Five Gustav Klimt paintings stolen by the Nazis and ordered returned from Austria went on display in Los Angeles Tuesday after a lengthy dispute highlighting the ownership complexities of the world’s great art works.
The paintings, valued at more than $120 million, include a famous golden portrait of Adele Bloch-Bauer, wife of the original owner of the work. They had been displayed at a Vienna museum since World War II after being seized by the Nazis when Germany annexed Austria in 1938.
After a seven-year legal case, an arbitration court in January ordered the Austrian government to return the five paintings to Los Angeles resident Maria Altmann, the niece and heir of Bloch-Bauer, who fled Nazi-ruled Austria for the United States.
Altmann, 90, originally wanted the paintings to remain in an Austrian museum but authorities said they could not afford to buy them back.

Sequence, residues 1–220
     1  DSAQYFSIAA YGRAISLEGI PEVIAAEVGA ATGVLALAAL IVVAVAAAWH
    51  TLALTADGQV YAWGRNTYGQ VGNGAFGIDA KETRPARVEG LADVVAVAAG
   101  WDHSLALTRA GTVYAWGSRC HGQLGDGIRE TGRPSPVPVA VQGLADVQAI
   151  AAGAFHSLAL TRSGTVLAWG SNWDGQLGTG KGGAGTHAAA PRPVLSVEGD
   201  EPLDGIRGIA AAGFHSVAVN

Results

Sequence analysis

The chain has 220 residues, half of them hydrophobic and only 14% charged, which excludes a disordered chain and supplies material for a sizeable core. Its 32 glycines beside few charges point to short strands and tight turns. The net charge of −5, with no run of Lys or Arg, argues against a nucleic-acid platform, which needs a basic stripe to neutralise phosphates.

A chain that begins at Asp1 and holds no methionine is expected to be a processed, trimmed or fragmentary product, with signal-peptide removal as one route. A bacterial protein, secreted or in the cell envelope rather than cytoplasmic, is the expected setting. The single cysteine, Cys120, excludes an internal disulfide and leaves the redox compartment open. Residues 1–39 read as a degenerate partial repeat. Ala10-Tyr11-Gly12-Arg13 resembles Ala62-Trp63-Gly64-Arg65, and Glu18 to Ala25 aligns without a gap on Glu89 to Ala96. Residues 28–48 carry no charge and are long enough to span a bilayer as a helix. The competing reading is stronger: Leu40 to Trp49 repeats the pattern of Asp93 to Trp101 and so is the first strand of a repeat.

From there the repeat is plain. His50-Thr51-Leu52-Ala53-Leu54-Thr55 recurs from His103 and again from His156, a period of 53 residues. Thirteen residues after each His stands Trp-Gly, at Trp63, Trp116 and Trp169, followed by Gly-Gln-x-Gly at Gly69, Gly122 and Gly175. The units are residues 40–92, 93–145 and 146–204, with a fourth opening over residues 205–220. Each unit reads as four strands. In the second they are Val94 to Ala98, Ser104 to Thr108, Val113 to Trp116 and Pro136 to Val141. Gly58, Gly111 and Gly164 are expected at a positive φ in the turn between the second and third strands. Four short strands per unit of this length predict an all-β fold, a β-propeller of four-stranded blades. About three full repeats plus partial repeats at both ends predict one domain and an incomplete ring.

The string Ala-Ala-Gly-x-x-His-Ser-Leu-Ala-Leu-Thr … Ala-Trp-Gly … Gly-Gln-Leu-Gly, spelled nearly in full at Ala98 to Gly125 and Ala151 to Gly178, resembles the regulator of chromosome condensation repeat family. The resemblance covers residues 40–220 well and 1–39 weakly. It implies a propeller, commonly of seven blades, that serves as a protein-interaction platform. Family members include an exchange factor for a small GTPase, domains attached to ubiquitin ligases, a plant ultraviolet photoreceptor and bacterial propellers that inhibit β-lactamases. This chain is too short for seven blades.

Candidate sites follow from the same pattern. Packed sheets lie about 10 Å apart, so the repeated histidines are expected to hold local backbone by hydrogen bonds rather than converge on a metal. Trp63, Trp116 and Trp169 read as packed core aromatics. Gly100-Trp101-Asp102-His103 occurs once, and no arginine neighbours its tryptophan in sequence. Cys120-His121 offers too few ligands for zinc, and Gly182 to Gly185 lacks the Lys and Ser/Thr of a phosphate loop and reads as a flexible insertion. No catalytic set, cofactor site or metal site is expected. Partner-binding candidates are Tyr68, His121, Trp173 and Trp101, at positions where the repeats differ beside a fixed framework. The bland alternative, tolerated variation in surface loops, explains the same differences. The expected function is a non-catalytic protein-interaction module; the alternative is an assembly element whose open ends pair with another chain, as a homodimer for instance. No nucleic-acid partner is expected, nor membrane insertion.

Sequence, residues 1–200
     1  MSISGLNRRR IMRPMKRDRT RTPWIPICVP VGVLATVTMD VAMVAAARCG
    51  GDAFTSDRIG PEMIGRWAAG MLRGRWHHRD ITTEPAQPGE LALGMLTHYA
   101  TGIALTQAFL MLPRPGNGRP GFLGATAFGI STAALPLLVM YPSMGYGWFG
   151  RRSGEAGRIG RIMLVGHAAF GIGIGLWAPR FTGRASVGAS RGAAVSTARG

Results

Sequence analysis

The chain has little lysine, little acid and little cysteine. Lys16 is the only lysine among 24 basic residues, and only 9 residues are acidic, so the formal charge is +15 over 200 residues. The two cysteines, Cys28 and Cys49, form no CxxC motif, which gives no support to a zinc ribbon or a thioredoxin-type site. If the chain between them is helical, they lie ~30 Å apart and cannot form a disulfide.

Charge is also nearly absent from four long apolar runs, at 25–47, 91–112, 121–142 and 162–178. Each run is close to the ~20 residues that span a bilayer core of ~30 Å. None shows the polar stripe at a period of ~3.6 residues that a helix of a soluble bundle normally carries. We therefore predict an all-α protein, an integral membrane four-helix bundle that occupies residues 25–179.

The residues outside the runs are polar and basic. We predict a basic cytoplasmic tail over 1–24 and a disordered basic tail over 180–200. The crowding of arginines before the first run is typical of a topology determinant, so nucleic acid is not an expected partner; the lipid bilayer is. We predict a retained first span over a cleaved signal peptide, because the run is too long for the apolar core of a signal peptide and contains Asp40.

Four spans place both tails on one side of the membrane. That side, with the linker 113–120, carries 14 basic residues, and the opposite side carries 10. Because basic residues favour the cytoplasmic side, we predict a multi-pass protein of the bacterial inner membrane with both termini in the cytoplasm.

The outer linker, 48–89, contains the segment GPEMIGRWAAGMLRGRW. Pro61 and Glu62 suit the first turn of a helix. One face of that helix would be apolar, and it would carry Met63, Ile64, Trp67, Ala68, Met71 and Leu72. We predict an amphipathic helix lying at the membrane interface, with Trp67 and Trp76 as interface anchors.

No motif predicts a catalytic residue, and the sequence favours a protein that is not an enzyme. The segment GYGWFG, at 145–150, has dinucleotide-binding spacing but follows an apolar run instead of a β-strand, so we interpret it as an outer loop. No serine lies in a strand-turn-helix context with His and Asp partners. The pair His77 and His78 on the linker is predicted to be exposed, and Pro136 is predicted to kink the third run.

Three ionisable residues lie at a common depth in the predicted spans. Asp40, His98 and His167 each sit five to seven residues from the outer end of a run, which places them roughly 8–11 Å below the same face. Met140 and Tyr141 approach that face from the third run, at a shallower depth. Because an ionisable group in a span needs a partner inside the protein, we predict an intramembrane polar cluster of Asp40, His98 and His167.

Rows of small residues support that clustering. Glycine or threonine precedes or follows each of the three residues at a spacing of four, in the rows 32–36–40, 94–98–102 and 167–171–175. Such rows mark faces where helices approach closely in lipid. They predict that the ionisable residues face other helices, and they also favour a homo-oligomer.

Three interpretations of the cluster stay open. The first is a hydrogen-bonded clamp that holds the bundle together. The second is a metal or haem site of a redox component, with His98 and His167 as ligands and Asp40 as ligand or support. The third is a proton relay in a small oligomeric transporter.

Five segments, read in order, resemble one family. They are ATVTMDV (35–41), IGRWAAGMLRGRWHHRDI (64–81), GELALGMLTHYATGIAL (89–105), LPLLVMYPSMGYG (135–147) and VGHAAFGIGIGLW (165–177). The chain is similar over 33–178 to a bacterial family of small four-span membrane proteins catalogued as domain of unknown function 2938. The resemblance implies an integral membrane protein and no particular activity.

Altmann instead loaned them to the Los Angeles County Museum of Art for three months, saying she wanted to thank the city “which provided me a home when I fled the Nazis, and whose courts enabled me to recover my family’s paintings.”
Altmann said her uncle and aunt always wanted to make their collection available to the public but the final destination of the returned Klimts was uncertain and one or more of them may be sold.
Klimt, who died in 1918, was the foremost painter of Art Nouveau in Vienna and his work is considered central to Viennese cultural identity.
The Nazis looted tens of thousands of works of art and despite attempts after the war to restore major items to their rightful owners, many families and European institutions are still seeking missing items, art experts say.
More recently, the ownership of antiquities has become a matter of dispute between the Italian and Greek governments and some of the world’s most prestigious museums.